Mayor Wright Homes: Public Housing Hell
Gang activity, rat infestations, deteriorating walls and ceilings, and, until this June, no hot, running water. For the approximately 1,100 tenants of Mayor Wright Homes, this is life. Years of neglect forced residents to sue the state. Lawyers want to settle the case this year to finally reverse these deplorable conditions. But for these residents, positive change has been years in the making.
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The KPT lawsuit was the only thing that improved the complex, says Victor Geminiani, the head LEJ attorney. So Geminiani and his team sued the state again, this time for repairs at Mayor Wright. “We’re going to be on the housing authority for as long as there are problems it is looking the other way for,” he says. The state wants to again settle, and Geminiani hopes the case is resolved by the end of the year. “The problem is the time frame for the resolving the settlement,” he adds. “KPT took a year; that’s too much time. The state needs to take this seriously.”
Mayor Wright Homes is smaller than KPT, but it’s older, built in 1952. It comprises 35 one-to-two story walk-ups, totaling approximately 364 units. It desperately needs a systematic, top-to-bottom renovation. On a recent visit, the wear-and-tear was evident: The beige and sage-green paint on the buildings was peeling, the roofs were leaking and the metal jalousie frames were corroded. Where children should be playing on monkey bars and swings, sit painted tires, boulders and piles of dirt. Inside the units, wooden cupboards are warped and rotting, stoves and refrigerators are dilapidated, miraculously still functioning. Power cords are taped to the walls so rats and mice don’t chew through them. In recent years, bedbugs have infiltrated the beds and furniture. There have always been cockroaches. Disabled residents rely on family or friends to help them in and around their houses; none of the units are compliant with the Americans with Disabilities Act (ADA).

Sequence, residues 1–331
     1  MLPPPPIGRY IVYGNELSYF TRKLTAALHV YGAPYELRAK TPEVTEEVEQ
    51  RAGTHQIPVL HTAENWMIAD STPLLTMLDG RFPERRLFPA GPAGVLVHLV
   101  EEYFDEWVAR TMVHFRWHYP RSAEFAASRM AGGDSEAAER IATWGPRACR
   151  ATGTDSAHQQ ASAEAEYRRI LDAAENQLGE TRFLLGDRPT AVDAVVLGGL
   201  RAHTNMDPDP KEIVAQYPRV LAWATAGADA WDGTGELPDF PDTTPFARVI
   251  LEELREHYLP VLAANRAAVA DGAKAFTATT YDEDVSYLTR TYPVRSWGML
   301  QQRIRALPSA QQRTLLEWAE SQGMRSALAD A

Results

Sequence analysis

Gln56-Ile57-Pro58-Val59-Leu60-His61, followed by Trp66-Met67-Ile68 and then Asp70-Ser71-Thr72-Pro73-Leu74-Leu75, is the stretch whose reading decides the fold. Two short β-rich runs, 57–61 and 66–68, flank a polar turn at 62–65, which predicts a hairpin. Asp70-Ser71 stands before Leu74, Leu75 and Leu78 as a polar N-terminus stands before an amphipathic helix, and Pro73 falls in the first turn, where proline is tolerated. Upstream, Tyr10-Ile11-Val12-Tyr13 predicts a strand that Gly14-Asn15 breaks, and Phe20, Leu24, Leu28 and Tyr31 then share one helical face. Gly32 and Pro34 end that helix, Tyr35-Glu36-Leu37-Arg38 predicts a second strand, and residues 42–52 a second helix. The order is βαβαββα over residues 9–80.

So, what is the state’s side of the story? Why have these problems persisted for years? Calls for interviews with Denise Wise, the HPHA executive director, and Patricia McManaman, the DHS director, weren’t returned. Joe Perez, spokesperson for DHS, says they can’t comment because of the lawsuit. There were plenty of other issues to discuss, however.
“It’s very frustrating,” says state Rep. Karl Rhoads, whose district includes Mayor Wright Homes. “I’ve been complaining to the Hawaii Public Housing Authority about issues brought before me by tenants for years.” He says he’s written 30 to 40 letters to the Authority about security concerns and lack of maintenance. Rhoads says the Authority’s responses are always the same: There’s not enough funding, or the Authority is working on it. In the meantime, residents are treated like second-class citizens. We spent time with these families to see life from their perspective, as residents of Mayor Wright.
“The gangs control the property."
Fetu Kolio opens the door to the Mayor Wright tenants’ association office, essentially a small, mostly bare room. Children’s art hangs on the wall; the space doubles as the Hawaii Literacy program meeting area. “Hi, Uncle Fetu!” shout the children being read to in a semicircle on the carpeted floor. “Hi, kids,” he replies, before heading up the stairs to the computer lab, where students use the Internet and type up their homework.
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